This morning, I came upon Emily Matchar’s Hairpin article The First Sandra Lee: Poppy Cannon and Her Can-Opener Cuisine, and my brain perked up. I thought I was in for a real treat — the rhetorical equivalent of a triple-layer chocolate cake, cemented with layers of buttercream and lovingly scattered with flakes of chocolate. And I was in for a treat, though one by no means as decadent as the one I imagined — more of an intellectual sponge cake, soaked in low-rent rum and sprinkled with the zest of a shriveling orange.

Matchar begins with an introduction to Poppy Cannon: food editor, cookbook author, and lady about town. Cannon was no dolt; she knew good cuisine when she saw it, yet she elected to write about can-opener cooking. Such a decision brought criticism upon Cannon, who didn’t care — after all, she was makin’ money and livin’ the dream. (All together now: money talks and bullshit walks.)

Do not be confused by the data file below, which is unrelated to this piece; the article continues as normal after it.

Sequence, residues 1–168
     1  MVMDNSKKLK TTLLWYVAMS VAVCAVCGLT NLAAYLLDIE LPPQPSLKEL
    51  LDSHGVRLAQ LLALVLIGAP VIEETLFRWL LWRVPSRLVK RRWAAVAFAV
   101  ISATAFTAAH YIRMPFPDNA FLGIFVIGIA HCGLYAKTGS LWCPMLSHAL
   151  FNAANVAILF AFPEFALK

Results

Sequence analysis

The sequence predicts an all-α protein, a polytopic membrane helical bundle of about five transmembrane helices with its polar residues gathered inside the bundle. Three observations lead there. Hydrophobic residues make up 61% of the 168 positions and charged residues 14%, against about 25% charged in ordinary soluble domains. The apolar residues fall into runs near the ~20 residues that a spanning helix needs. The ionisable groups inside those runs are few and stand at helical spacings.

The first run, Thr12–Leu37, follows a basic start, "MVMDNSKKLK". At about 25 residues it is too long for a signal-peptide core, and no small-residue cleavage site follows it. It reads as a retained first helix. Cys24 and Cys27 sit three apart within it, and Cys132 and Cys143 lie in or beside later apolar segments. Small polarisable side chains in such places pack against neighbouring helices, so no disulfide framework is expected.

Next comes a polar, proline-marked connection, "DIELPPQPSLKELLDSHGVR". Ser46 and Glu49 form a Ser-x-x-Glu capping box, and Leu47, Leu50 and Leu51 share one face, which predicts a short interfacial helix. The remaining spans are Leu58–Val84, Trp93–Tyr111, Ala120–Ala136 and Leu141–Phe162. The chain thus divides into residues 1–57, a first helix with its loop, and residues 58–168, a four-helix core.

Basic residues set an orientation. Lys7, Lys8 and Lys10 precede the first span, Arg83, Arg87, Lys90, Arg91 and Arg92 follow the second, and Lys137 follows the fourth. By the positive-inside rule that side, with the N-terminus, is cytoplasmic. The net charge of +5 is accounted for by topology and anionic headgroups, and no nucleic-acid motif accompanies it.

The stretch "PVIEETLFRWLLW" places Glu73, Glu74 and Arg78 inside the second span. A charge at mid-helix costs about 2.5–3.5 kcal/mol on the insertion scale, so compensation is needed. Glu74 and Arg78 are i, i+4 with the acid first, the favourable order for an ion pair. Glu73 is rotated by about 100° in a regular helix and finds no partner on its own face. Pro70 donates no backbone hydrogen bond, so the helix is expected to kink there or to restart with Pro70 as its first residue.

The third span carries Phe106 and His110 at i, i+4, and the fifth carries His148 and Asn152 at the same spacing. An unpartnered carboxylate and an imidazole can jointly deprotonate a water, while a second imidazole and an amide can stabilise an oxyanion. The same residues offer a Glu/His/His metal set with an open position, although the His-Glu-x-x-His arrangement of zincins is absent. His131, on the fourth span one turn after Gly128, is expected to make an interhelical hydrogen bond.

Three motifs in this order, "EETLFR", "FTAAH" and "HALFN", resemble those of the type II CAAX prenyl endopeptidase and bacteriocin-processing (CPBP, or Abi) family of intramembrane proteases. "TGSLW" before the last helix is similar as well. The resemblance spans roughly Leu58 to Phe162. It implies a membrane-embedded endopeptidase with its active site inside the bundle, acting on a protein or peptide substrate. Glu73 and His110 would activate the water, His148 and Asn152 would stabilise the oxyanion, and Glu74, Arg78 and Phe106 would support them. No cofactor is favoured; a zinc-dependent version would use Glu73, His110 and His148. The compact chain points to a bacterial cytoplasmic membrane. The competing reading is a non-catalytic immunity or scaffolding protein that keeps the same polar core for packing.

Further into her post, Matchar compares Cannon to modern-day frozen-foods whiz Sandra Lee, who, like her predecessor, has come under heat for her “recipes.” Superficially, at least, the women are similar: both faced adversity as children and longed to get the hell out of Dodge; both profited enormously from their advocacy of quik-n-easy foodstuffs. But there the similarities end. Where Cannon was an innovator, Lee is merely upcycling a decades-old concept, repackaging it in a millennial-friendly manner.

At the time Cannon was writing, convenience foods were a relatively new concept. Canned foods had been around for a while, but TV dinners were viewed (so I’m told) as a miracle product — a way for housewives to provide their husbands with a warm, nourishing meal without spending hours in the kitchen.